DJ Katapila “Trotro” 12″ Single + Bonus Tracks
12″ single of DJ Katapila’s intense production that somehow weds Ghanaian dance music with the sounds of neighboring countries with a techno and footwork aftertaste.
There’s no other producer in West Africa like DJ Katapila. His album Trotro, reissued in March on Awesome Tapes From Africa, demonstrates a wild combination of breakneck rhythms steeped in his native Ga traditional dances. But the spiritual affinity his music share with the minimal sounds of early house and techno have not gone unnoticed by listeners worldwide. Ghana’s tireless producer and DJ, aka Ishmael Abbey, singularly consolidates flavors. As new sounds wind their way from West African neighbors into urban Ghana—particularly the hectic and humid metropolis Accra—Katapila has absorbed and analyzed their insidious influence on local dancers and filtered them into his own works. The result is astonishing.
Two of the tracks here haven’t been on wax before. This 12” single made specially for DJs and collectors adds to the lore of Katapila’s days-long DJ sets and intensely original and (slightly bananas) FruityLoops-crafted minimalist productions. The two previously-unreleased tracks build on Katapila’s international oeuvre significantly, painting a broader picture of what the iconoclastic road warrior dj-producer has been doing the past few years: making his own kind of electronic music that’s both deeply personal and wildly international.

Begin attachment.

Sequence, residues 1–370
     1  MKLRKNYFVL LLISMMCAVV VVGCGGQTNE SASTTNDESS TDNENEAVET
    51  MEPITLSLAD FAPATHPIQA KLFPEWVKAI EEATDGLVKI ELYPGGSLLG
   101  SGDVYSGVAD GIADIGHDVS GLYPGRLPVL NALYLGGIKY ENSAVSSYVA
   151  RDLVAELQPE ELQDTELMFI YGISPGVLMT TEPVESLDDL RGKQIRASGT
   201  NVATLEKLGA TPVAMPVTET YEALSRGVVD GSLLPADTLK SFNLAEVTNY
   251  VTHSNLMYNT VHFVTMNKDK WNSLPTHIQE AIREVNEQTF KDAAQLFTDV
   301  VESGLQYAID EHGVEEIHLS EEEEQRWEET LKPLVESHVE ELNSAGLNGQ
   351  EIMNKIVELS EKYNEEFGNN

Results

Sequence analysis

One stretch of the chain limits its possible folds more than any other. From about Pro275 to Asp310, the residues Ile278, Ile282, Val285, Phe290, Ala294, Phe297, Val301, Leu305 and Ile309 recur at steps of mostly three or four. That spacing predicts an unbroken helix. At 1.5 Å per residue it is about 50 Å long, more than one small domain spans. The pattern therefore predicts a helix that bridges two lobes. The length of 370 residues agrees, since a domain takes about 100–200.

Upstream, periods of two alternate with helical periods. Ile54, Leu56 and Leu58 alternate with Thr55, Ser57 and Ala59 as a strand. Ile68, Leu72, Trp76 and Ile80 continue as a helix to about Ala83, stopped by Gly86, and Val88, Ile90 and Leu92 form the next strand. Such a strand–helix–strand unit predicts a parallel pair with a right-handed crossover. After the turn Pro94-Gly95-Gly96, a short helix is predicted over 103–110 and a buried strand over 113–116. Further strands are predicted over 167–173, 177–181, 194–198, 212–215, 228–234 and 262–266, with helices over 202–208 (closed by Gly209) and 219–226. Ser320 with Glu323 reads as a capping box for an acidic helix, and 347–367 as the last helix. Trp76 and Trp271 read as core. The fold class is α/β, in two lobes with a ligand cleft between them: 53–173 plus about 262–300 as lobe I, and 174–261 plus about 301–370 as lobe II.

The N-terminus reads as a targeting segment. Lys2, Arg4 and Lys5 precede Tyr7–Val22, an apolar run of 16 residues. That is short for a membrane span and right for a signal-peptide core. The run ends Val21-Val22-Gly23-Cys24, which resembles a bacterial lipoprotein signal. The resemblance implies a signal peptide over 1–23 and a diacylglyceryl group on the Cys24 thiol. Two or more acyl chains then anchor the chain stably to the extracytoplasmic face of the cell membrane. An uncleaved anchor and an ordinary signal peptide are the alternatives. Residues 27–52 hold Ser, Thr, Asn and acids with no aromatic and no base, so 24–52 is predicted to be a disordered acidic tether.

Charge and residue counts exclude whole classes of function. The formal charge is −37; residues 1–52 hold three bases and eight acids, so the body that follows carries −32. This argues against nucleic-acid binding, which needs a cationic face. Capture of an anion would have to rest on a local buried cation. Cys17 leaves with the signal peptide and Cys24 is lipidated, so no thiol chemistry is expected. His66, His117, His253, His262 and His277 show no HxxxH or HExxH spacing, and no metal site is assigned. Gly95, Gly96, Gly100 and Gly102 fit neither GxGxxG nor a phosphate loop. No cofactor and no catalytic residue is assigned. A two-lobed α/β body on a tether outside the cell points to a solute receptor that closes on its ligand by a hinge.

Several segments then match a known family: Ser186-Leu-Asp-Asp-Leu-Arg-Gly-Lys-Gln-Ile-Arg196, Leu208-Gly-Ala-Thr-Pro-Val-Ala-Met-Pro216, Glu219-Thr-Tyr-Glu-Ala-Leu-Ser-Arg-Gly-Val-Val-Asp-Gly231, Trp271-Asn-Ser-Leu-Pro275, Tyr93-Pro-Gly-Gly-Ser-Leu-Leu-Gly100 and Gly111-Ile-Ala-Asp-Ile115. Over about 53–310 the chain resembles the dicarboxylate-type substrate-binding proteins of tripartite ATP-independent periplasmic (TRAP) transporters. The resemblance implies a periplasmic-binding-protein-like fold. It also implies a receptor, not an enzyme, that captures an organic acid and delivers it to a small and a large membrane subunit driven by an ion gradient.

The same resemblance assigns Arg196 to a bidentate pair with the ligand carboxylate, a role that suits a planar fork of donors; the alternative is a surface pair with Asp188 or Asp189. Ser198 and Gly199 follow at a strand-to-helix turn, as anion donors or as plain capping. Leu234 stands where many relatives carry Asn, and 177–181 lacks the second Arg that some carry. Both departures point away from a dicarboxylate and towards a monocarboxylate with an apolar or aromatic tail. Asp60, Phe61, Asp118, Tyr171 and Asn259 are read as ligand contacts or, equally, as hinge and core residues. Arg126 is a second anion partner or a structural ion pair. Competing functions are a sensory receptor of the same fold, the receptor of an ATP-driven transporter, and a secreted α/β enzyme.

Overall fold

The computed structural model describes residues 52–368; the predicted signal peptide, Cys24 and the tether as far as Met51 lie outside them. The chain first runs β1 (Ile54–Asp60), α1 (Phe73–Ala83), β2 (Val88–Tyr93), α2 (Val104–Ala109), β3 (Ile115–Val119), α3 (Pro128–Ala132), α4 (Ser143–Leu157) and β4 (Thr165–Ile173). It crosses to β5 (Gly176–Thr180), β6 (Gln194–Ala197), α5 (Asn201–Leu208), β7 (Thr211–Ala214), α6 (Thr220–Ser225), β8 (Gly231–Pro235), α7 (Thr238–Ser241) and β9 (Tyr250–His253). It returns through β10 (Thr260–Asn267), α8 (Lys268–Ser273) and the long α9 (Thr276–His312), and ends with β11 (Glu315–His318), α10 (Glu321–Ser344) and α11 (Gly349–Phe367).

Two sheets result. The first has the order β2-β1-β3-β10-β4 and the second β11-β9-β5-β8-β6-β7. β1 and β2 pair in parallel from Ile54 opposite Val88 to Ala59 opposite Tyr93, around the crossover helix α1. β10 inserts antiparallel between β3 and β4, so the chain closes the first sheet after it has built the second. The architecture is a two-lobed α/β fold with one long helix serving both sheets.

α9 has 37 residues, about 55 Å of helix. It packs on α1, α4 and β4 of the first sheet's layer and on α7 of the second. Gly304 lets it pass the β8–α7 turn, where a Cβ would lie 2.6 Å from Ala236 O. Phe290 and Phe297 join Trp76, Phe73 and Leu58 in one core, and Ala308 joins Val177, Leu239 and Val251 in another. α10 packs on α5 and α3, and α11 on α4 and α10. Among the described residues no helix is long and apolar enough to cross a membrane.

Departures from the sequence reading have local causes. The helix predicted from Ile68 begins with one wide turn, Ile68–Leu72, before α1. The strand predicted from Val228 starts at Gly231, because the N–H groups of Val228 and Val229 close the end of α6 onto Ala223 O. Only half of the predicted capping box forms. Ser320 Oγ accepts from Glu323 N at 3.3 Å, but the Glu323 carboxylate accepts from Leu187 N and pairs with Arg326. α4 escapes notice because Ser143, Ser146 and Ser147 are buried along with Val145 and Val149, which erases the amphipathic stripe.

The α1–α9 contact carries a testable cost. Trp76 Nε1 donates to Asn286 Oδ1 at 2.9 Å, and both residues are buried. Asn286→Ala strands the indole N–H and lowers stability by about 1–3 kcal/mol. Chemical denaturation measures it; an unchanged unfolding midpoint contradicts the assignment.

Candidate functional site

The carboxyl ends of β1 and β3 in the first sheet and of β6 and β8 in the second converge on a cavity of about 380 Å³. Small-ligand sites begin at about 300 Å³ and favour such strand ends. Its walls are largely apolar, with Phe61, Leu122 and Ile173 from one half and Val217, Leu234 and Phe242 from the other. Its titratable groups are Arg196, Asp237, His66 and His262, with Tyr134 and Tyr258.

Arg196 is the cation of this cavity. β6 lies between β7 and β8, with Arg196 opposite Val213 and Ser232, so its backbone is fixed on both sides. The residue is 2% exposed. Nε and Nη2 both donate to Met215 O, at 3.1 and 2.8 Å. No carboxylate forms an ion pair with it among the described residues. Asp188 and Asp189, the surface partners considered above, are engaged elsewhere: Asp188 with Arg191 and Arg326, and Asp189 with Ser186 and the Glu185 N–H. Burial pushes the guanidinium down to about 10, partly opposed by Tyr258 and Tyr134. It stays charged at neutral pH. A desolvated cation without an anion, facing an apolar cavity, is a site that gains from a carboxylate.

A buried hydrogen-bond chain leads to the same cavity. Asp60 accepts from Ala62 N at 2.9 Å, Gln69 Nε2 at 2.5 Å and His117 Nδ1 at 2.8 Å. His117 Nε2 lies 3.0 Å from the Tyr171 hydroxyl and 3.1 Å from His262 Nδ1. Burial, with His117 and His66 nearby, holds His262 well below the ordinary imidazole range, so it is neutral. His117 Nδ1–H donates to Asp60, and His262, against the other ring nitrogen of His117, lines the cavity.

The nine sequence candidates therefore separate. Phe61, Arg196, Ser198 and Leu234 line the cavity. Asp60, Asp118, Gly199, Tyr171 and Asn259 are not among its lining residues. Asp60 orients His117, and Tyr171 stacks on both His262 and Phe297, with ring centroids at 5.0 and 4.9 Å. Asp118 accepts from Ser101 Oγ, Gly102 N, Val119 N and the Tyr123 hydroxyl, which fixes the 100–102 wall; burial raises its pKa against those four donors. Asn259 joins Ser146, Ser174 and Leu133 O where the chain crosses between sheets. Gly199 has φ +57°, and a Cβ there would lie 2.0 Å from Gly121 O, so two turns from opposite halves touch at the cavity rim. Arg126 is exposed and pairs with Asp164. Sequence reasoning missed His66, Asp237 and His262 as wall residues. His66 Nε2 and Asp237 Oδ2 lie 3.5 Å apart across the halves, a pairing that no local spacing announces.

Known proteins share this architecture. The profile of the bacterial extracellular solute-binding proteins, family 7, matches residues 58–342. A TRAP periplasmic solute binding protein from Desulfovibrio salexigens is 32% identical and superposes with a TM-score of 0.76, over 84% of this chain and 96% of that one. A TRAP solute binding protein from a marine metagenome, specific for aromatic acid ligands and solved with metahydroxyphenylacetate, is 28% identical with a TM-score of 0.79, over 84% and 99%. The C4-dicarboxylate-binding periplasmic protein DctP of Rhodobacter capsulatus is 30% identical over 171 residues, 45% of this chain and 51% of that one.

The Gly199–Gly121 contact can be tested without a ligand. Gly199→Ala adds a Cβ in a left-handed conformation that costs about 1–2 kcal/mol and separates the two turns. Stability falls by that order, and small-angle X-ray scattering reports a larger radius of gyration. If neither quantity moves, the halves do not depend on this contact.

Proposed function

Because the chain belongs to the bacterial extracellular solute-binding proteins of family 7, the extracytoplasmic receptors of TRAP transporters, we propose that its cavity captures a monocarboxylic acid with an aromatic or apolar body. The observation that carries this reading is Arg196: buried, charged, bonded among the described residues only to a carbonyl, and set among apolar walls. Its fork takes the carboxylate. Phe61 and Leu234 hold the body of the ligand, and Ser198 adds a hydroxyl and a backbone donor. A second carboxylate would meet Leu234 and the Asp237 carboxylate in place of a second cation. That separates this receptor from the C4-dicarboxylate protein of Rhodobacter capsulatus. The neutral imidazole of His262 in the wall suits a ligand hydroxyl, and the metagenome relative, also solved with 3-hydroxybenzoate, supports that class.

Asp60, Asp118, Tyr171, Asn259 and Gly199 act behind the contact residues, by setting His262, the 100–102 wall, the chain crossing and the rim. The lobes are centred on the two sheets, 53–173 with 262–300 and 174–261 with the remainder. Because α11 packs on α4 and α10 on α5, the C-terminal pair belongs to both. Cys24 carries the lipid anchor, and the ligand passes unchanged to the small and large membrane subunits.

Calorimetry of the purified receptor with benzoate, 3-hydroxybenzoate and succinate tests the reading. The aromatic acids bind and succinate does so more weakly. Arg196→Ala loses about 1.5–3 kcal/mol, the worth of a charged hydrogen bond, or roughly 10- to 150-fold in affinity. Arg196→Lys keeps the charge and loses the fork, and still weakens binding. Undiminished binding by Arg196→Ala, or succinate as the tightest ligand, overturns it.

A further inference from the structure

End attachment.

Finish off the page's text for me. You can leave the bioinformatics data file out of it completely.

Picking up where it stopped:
The multi-layered vocal madness on the original mix of Katapila’s song “Trotro” gives way to the previously-unreleased “Kotulo.” On this track, Katapila interlocks the iconic 808 cowbell sample with his inimitable toasting and you can see this track tectonically disturbing a dance floor. The B-side features “Trotro (Instrumental),” honing in on the sonic details that make Katapila’s ode to Accra’s intense public transport system so compelling. Second unreleased track, “Gbe Ohe Coco,” pushing the boundaries of his extant works with relentless layer after layer building on top of relentless techno. As with all of his songs, Ghanaian traditional dance rhythms form the backbone, as the undulating toms subtly create movement towards an imaginary horizon at the edge of the party.